The European Court of Human Rights has rejected a request by the Irish Government to find that the so-called Hooded Men suffered torture.
The ECHR found in 1978 that the 14 Catholic men suffered inhuman and degrading treatment at the hands of the British Authorities, but that it did not amount to torture.
The Court found that evidence produced by the Government did not amount to new evidence.
In August and October 1971, 14 Catholic men were detained by the British authorities in Northern Ireland for a week, and subjected to five interrogation techniques including standing spread-eagled against the wall for hours on end, having dark hoods placed over their heads and being deprived of sleep and sustenance.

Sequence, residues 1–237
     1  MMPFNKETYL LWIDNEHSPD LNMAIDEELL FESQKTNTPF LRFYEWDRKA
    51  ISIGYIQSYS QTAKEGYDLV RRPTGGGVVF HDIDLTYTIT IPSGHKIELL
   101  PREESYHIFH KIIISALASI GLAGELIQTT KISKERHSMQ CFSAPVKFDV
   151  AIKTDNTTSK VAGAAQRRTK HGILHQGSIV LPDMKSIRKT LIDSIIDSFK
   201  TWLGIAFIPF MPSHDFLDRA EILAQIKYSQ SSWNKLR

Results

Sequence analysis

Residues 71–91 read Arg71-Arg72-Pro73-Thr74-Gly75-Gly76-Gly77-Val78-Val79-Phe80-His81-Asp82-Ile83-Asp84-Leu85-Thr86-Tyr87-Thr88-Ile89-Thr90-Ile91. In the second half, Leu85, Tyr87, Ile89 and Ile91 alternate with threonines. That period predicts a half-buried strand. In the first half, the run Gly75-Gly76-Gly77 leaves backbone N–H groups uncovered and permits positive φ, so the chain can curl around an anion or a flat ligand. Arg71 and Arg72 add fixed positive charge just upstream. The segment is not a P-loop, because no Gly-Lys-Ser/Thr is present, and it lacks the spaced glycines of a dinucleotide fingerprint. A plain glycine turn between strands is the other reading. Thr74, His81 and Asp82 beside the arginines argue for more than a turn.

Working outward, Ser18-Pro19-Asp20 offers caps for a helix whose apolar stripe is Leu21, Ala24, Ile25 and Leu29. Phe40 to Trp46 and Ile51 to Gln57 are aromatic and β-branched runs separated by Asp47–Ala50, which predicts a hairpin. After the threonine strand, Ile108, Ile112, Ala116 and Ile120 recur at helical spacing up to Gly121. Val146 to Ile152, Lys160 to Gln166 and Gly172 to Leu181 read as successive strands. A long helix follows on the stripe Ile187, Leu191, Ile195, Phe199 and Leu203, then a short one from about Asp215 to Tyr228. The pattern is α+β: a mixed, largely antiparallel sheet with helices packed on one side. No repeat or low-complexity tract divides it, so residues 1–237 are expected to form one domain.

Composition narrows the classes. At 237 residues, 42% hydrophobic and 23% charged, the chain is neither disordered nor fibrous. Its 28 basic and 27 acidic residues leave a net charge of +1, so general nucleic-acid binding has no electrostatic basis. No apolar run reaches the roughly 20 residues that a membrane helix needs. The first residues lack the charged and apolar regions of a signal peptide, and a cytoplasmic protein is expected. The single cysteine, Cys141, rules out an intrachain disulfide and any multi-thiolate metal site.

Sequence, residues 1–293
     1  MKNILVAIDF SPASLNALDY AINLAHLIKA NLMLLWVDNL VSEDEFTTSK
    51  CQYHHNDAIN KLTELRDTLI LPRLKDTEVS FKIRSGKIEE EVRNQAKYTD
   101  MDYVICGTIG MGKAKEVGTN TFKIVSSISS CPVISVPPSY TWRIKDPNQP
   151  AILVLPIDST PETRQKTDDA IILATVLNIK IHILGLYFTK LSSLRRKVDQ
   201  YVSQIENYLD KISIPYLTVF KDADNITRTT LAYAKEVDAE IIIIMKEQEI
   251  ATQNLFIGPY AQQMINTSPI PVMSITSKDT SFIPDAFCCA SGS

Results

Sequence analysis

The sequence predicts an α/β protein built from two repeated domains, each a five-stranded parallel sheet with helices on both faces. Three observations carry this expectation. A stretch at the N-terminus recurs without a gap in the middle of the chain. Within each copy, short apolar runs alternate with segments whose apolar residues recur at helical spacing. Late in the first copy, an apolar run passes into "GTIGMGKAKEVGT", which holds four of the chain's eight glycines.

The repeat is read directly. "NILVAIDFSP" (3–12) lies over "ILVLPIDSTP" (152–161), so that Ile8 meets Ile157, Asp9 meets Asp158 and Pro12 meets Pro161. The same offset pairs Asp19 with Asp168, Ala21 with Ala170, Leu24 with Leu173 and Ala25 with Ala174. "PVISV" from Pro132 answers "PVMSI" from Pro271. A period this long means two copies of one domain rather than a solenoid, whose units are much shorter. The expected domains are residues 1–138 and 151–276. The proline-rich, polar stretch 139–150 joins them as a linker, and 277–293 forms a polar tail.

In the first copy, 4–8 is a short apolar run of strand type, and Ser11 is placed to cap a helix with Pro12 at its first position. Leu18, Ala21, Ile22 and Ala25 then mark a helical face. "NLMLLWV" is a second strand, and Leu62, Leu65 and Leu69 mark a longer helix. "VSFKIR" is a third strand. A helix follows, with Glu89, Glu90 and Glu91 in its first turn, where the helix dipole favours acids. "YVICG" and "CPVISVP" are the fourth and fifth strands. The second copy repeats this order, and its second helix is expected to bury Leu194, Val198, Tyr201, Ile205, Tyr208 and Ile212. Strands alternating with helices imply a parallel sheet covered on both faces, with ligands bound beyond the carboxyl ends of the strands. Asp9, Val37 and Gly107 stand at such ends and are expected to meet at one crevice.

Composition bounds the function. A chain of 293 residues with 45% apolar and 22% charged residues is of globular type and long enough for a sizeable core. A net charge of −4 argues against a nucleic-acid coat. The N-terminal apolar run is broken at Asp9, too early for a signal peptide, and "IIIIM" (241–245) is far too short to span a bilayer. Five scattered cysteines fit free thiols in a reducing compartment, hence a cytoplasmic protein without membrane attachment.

In 1978, the European Court of Human Rights found that the treatment, which was authorised at the highest level, did not amount to torture, but rather inhumane and degrading treatment.
In 2014, the Government sought a review of that decision, based on documents uncovered by Prime Time.
But this morning the ECHR found that the Irish Government had not demonstrated the existence of new facts that were unknown to the Court in 1978 or which would have had a decisive influence on the original judgment.
As a result it finds there is no justification to revise the judgment, which found the men did not suffer torture at the hands of the British authorities.